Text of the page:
Duck hunting action abounds now
As I hunkered down among the brush and reeds, I could actually hear ducks gabbling in a back eddy of the stream about 15 feet away. One of my hunting buddies was sneaking into place about 75 yards upstream and another the same distance downstream of my hiding place. We knew dozens of ducks had been resting and relaxing in the mid-morning sun along this stretch of water for several days. Checking my watch again, I prepared to stand and sneak into the open for a clear shot as our trio sprung our ambush.
I’d only crept forward about three steps when a volley of shots sounded upstream, so I leapt out of the reeds into the open shoreline. An explosion of water, feathers and raucous quacking welcomed my appearance so I shouldered my double barrel scattergun and picked a target. A fat greenhead mallard cartwheeled at my first shot and I tumbled a black duck with the second barrel. As I broke the gun open, the empty hulls sprung out and I dropped in two fresh loads.
Just as I closed the breech and prepared to wade out and pick up my birds, half a dozen teal came winging past. My buddy upstream had scared them in my direction and they flared right over my head, causing me to miss my first shot. As they buzzed away and around a bend in the stream, I managed to knock down the trailing blue wing teal. Shotgun blasts from downstream meant my other friend had also gotten a crack at the ducks. When our trio met back at the truck 10 minutes later, our assortment of waterfowl comprised seven ducks of four different species. Not bad for our first jump shooting stop.
There are ducks everywhere you look this fall. Each lake, pond, swale, swamp, stream, river and puddle seems to attract a flock of birds. I’ve personally seen 10 different species so far this season and that makes for some exciting shooting opportunities. Duck season here in the Northern zone runs until the first of December and as long as some waterways remain unfrozen, there will be ducks to hunt. With opportunities so plentiful, the next few weeks offer a great opportunity to introduce a young sportsman or a rookie waterfowler to the challenge and adventure of wing shooting ducks.
There are several tactics used throughout Aroostook County to successfully put ducks in the game pouch, and while all are exciting, each presents hunters with varying methods and techniques. Perhaps the most common style of duck hunting is to set out decoys and use a call to attract passing birds within shotgun range. Shooting over decoys is most commonly done on water, but early and late in the day, gunning can be excellent as flock after flock bombard harvested grain and potato fields to feed.
Water hunters can construct makeshift blinds from natural cover on shorelines or use boat blinds for concealment. Field gunners need layout blinds for best camo in the flat, open areas. A minimum of a dozen decoys (full-body models with flocking are most realistic) will work, but two or three dozen is even better. A 3-inch, 12 gauge is the most popular shotgun for ducks, but a 20 gauge is fine for youngsters and small framed females. Don’t forget that federal law requires the use of steel shot or a non-toxic equivalent for all waterfowl shooting.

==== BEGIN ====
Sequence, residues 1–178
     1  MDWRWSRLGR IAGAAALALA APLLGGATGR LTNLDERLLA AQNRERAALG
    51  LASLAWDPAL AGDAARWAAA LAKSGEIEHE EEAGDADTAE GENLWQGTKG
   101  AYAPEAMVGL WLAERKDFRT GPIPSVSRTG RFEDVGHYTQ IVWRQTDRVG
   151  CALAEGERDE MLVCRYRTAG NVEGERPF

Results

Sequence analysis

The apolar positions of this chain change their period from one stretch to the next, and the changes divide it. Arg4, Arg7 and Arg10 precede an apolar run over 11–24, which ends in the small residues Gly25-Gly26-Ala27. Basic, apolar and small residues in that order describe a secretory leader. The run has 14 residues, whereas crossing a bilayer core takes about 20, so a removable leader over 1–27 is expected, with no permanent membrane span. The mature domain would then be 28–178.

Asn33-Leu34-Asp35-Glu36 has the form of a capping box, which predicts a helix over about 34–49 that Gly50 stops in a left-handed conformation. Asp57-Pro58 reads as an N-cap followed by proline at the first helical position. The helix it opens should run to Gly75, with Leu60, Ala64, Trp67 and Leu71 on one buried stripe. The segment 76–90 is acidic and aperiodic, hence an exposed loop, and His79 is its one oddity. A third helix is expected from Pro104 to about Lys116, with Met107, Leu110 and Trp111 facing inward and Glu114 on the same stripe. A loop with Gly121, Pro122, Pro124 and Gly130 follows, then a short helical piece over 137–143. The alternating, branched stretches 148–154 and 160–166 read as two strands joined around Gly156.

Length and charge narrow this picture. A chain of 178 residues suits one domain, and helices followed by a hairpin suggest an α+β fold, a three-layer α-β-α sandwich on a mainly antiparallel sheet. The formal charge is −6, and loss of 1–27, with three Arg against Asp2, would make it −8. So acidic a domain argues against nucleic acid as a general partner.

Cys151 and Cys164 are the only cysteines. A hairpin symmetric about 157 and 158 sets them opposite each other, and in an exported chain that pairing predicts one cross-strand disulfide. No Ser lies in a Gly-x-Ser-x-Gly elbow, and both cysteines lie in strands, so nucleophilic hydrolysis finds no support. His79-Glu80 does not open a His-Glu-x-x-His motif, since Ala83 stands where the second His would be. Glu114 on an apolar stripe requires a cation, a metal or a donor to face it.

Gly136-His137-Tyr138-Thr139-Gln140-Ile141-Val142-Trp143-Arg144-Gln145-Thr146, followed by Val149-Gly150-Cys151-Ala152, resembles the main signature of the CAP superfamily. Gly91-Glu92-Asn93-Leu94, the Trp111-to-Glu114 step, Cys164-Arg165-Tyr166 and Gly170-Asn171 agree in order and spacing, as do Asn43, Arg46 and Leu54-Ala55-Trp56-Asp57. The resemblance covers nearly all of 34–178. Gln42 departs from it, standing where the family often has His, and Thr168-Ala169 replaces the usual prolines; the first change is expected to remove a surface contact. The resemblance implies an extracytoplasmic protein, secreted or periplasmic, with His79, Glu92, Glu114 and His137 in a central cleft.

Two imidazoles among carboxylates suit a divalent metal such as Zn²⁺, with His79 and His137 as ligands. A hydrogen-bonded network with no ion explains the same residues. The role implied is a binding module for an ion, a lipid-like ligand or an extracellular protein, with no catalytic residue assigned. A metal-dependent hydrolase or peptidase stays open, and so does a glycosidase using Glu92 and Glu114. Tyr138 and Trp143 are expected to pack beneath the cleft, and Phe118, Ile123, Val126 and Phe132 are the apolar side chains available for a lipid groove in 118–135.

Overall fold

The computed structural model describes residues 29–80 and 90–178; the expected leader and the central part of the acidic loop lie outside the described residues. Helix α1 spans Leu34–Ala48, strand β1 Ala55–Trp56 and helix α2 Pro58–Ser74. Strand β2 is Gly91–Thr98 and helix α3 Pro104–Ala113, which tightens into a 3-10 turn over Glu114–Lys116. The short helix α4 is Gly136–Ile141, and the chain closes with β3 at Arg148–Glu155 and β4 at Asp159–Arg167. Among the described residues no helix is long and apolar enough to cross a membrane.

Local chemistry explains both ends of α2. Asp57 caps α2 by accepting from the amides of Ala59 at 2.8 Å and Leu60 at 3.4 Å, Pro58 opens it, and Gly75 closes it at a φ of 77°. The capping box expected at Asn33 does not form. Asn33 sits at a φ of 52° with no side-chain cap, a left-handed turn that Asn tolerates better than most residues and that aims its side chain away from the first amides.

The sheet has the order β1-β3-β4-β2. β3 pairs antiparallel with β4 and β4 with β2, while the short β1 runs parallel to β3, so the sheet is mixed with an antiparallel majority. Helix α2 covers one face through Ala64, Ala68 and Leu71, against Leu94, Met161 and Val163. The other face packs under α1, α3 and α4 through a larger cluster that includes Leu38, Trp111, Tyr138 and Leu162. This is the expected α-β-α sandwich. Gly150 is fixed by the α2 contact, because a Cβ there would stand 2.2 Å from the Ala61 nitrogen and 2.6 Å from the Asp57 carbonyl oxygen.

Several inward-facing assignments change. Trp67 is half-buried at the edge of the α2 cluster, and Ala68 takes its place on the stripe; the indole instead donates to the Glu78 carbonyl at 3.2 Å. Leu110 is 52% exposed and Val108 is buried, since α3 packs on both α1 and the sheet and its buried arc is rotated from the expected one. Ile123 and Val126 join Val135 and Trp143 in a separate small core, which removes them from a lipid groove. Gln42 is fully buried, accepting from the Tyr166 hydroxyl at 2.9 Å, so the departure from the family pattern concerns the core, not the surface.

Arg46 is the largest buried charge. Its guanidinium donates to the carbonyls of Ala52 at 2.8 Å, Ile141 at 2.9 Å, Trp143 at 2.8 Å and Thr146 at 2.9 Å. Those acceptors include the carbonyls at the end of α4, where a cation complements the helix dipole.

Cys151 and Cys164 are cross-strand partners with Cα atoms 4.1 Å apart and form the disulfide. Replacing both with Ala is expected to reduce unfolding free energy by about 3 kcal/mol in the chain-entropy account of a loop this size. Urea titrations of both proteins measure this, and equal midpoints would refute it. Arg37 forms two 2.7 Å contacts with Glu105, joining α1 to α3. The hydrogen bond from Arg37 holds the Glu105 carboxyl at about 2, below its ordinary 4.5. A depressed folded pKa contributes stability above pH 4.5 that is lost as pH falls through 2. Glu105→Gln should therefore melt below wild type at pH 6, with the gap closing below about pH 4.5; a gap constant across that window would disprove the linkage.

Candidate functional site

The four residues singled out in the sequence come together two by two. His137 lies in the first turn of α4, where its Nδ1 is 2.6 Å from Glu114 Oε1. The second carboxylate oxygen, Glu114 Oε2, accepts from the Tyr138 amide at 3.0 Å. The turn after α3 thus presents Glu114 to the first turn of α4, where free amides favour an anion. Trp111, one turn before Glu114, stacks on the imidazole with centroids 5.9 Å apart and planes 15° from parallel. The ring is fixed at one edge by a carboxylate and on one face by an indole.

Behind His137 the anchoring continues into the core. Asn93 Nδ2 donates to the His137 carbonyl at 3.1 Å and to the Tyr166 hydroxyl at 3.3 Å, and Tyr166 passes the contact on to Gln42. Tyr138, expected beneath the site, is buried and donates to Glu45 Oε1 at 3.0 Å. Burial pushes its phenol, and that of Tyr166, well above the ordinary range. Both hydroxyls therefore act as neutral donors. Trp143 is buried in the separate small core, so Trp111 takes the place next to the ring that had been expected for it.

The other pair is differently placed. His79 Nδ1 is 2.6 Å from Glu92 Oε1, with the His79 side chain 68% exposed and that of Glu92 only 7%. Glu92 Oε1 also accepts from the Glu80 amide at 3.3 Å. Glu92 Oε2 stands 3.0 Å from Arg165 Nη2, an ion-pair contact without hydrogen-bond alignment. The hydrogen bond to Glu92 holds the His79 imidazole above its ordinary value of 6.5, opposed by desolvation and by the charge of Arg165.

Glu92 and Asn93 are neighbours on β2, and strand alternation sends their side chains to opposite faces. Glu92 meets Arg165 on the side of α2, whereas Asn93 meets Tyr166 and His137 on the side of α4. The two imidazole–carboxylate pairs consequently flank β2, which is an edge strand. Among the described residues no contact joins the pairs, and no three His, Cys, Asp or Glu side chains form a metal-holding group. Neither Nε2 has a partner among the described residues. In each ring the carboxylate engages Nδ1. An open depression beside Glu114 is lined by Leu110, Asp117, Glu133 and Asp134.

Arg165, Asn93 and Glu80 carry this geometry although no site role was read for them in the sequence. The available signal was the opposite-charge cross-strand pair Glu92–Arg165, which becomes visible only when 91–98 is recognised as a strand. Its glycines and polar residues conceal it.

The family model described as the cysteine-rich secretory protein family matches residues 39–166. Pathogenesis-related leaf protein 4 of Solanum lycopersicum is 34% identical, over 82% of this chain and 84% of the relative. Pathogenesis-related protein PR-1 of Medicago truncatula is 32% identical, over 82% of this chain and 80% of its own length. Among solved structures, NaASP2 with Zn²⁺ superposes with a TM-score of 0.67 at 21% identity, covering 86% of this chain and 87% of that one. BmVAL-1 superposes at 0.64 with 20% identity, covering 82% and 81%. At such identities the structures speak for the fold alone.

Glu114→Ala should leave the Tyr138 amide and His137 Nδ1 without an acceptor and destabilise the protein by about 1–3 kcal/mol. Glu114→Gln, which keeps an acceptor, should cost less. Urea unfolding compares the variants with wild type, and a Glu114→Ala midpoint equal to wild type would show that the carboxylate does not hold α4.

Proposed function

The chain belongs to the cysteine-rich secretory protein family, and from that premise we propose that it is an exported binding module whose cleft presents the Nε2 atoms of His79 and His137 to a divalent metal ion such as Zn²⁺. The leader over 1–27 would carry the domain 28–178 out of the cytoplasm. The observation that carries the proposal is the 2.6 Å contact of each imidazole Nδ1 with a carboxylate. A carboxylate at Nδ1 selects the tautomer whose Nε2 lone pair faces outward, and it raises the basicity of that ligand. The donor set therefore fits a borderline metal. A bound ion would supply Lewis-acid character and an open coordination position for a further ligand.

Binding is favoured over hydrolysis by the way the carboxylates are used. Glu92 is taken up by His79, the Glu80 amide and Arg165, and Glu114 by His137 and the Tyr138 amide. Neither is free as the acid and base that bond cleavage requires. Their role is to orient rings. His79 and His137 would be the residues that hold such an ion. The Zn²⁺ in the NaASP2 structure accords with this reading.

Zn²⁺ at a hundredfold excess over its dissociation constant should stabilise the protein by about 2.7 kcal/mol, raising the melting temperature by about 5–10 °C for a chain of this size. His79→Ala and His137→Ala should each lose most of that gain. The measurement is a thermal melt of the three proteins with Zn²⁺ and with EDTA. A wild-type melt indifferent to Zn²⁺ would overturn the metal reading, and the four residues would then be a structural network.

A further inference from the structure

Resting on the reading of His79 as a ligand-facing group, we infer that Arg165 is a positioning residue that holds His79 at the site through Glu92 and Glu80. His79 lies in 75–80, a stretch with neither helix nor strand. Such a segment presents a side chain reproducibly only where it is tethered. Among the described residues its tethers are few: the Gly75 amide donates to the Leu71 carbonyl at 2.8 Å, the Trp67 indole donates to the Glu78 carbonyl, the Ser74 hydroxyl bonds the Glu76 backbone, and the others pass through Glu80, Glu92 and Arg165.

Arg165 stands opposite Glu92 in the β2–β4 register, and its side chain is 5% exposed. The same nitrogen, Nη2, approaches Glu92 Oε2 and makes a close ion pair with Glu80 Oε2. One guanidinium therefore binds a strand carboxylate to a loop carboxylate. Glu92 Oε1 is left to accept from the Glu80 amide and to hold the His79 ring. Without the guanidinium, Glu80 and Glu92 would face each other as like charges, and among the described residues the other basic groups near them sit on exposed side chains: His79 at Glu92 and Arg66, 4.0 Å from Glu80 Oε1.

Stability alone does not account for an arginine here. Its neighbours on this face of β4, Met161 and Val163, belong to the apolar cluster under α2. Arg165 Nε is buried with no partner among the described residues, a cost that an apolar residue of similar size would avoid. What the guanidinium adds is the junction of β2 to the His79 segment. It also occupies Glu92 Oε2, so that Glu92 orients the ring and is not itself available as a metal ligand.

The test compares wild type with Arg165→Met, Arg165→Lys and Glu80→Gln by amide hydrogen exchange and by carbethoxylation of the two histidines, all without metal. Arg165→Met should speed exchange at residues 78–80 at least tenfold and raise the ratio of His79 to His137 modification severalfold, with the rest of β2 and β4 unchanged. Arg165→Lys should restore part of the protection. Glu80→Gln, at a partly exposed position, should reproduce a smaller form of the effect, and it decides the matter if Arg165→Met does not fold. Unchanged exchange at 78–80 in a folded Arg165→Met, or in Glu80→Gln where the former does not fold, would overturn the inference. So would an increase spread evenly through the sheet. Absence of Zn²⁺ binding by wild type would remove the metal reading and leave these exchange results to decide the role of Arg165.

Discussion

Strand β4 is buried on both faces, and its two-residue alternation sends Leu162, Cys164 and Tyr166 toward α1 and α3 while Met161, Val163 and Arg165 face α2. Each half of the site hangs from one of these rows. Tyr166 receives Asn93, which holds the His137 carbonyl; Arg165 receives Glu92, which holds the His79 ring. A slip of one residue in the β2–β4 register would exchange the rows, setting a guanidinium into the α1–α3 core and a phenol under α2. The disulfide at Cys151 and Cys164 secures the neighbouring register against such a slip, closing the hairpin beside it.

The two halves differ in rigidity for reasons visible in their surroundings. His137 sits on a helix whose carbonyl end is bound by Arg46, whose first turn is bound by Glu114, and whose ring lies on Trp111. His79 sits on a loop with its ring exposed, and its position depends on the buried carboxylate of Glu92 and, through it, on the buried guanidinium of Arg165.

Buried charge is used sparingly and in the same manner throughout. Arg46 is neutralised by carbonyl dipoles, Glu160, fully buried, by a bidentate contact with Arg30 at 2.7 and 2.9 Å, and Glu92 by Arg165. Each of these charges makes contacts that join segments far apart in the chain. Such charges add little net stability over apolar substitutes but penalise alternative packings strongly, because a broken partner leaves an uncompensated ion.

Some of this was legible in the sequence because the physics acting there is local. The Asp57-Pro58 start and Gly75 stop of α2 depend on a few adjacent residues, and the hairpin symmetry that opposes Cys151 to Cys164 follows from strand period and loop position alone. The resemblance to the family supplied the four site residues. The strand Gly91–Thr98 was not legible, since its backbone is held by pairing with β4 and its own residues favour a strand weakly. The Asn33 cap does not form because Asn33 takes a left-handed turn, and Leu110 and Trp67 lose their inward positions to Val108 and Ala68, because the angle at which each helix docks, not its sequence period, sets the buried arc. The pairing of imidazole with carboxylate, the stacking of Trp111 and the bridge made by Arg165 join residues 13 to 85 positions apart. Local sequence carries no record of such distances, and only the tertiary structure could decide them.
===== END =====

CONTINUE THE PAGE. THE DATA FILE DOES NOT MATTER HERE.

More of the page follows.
Another style of duck hunting, perhaps the most scenic, is floating down a local stream or river in a stable canoe or aluminum Jon boat. This sneak-and-peek method offers fast and steady action and covers a lot of water. The hunters actually go to the ducks rather than waiting long periods for them to come to you. Float hunting requires two partners for the best results. One man paddles and the other sits in front, gun ready for flushing ducks. After a bird is downed, the pair stop and change places, then continue downstream.
While I enjoy all these hunting options, my favorite is jump shooting, the tactic mentioned at the beginning of the article. It can be employed on lakes and ponds, but works better on flowing waterways, as the hunters can just drive further along the brook and repeat their sneak and surprise ambush. No decoys, boats or extra gear are required; just gun, shells, hip or chest waders, stealth and ambition. A four-legged companion is always welcome and saves hunters wading over slippery rocks to grab downed ducks.
I’ve used this jump shooting technique for decades on the Prestile Stream, but have enjoyed steady action on the Aroostook River and Meduxnekeag Stream as well. There are hundreds of bogans, backwaters, bogs, swales, beaver ponds, farm ponds and cedar swamps near every village and town, all offering a jump shooting opportunity as long as they are a legal distance from buildings and you have permission to hunt the land.
My two friends and I from the hunt I started the story with only had to do two other jumps along the stream to fill three limits of ducks that day. Another plus to jump shooting is it can work at any time of day and works for as few as two or up to five hunters. Give it a try this season. You won’t be disappointed.